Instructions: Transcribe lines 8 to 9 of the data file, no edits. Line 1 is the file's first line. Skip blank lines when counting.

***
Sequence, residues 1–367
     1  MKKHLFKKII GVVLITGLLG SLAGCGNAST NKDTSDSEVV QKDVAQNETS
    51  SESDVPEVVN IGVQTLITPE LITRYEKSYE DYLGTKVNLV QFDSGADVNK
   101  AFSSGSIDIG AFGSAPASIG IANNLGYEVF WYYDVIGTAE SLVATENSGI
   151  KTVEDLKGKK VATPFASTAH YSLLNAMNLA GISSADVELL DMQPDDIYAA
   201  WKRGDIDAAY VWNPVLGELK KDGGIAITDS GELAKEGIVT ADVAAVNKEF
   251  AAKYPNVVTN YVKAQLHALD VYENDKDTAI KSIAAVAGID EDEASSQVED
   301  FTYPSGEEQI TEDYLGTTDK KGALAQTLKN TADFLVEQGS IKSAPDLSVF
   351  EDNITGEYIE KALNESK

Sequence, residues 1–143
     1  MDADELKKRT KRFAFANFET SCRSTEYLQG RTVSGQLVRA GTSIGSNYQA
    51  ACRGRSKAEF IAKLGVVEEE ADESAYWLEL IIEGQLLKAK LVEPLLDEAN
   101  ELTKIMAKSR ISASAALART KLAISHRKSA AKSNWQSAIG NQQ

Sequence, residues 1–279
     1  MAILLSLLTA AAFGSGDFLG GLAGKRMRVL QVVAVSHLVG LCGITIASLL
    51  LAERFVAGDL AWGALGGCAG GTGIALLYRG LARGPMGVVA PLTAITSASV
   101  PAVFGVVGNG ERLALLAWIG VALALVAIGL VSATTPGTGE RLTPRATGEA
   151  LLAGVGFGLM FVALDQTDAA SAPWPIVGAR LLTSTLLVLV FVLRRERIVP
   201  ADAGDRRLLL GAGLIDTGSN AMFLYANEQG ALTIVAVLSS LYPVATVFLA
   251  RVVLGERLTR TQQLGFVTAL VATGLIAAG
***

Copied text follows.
   301  FTYPSGEEQI TEDYLGTTDK KGALAQTLKN TADFLVEQGS IKSAPDLSVF
   351  EDNITGEYIE KALNESK